It’s a little unusual for a transit agency to invest in real estate development but that’s just what the Los Angeles transit agency is doing by earmarking $9 million for a loan program to spur affordable housing near its stations.
The L.A. County Metropolitan Transportation Authority has a pretty good reason to help build housing near its bus and transit lines: doing so could encourage more ridership.
The funding would also help counter the effects of gentrification and displacement that research shows frequently accompany large public transit projects.
The agency already requires developers building on Metro property to set aside 35 percent of new units for low-income households, but the agency doesn't control that much land.
So Metro has launched a public-private partnership to loan money to developers at low interest to build more affordable housing within a half mile of transit lines.
The program, called the Metro Affordable Transit Connected Housing Program, or MATCH, relies on $9 million in seed funding from Metro and an additional $9 million from the California Community Foundation, the California Endowment and the Weingart Foundation.
"It’s really an anti-displacement strategy," said Jenna Hornstock, executive officer for Metro’s Transit-Oriented Communities programs. She said the loans will help preserve existing affordable housing in areas that are gentrifying and go toward helping to build around 1,800 new units.
A quarter of the loan funds will be allocated to help with new construction of affordable housing units. Three-quarters will be used to preserve and increase density in existing affordable housing near transit by offering nonprofits funding to purchase buildings that already offer housing below market rate.
Those organizations would need to agree to stabilize rents at an affordable rate and add more units to the building over time. The units would be affordable to households making 60 percent or less of the area's median income. In Los Angeles County, that would average about $38,580.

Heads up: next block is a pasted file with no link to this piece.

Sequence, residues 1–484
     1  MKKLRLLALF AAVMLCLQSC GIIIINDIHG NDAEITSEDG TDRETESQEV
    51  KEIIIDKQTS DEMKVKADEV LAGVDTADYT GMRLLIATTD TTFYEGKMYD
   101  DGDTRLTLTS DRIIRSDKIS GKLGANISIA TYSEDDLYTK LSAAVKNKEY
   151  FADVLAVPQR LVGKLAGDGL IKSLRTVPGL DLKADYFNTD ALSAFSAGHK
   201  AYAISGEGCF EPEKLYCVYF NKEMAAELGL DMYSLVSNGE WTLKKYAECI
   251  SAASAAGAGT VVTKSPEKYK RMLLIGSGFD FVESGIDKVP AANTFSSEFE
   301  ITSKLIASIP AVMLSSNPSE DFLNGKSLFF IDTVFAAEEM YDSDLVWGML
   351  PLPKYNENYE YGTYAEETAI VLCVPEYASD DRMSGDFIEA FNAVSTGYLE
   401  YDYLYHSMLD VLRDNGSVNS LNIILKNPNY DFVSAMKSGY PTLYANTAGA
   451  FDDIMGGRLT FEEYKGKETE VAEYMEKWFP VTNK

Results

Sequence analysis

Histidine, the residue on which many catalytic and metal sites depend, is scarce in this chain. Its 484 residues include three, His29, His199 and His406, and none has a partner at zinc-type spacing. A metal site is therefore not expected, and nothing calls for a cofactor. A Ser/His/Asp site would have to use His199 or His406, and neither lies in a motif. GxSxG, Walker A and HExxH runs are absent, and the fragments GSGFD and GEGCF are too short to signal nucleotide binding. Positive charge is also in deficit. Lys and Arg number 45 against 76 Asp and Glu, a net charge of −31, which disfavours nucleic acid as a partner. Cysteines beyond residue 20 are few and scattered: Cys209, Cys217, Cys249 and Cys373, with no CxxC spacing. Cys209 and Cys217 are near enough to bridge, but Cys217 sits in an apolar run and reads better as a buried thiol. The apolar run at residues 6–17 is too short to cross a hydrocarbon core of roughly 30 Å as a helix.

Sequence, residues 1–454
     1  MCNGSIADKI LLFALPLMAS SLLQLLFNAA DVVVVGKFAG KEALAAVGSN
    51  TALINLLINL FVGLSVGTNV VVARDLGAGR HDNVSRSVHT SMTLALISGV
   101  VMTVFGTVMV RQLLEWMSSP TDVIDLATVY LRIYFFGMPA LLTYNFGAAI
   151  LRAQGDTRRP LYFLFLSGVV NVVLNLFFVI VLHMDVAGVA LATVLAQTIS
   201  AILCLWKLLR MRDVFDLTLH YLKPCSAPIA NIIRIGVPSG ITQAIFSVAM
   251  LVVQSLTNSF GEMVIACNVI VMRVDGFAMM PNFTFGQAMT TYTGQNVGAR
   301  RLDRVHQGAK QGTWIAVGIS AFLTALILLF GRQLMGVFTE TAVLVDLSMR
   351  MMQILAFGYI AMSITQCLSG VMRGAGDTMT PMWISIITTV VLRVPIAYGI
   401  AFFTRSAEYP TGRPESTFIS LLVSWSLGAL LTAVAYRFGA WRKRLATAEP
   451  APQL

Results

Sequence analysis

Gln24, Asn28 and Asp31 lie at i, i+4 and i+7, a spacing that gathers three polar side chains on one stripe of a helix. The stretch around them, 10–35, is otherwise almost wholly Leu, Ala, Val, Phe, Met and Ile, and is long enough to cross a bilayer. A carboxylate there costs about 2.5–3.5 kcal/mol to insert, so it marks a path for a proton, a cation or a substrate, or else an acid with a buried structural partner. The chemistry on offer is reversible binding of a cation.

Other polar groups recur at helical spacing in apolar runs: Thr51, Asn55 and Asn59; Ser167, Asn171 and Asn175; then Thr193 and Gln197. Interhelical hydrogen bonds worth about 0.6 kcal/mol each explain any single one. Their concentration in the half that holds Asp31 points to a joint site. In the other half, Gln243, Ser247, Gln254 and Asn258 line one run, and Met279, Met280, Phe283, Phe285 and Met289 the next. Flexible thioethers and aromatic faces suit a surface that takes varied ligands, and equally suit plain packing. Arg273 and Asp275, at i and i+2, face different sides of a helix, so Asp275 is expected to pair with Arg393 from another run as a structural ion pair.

Ethan Elkind, a transit expert with the University of California, Los Angeles, and author of the book, "Rail Town," said Metro's investment is a promising and innovative approach to building much-needed affordable housing and sustaining transit ridership.
"It's a loan not a subsidy, so it's leveraging existing dollars, and affordable housing near transit is one of the best ways to ensure that nearby development actually generates ridership," he said.
But Elkind believes more reforms are needed at the city and state level, including changes to parking requirements, duplicative environmental reviews and zoning restrictions that increase housing costs and create barriers to building affordable units.
"A lot of that money could be saved if it was cheaper and easier to build affordable housing near transit," he said, referring to Metro's investment.
Metro's Hornstock said she thinks it's possible the agency could increase the scale of the investment if the program proves successful.
Because much of Metro's funding comes from voter-approved tax increases that are earmarked for specific projects, the $9 million seed funding came out of Metro's general fund, comprised of revenues from transit fares and real estate leases.
But Hornstock hopes it may be possible to apply funds from Measure M, the half-cent sales tax increase approved in November that will raise $120 billion over the next 40 years.
Measure M allocates 17 percent of revenues to individual jurisdictions in L.A. County to undertake local projects, including transit-oriented, community-building programs.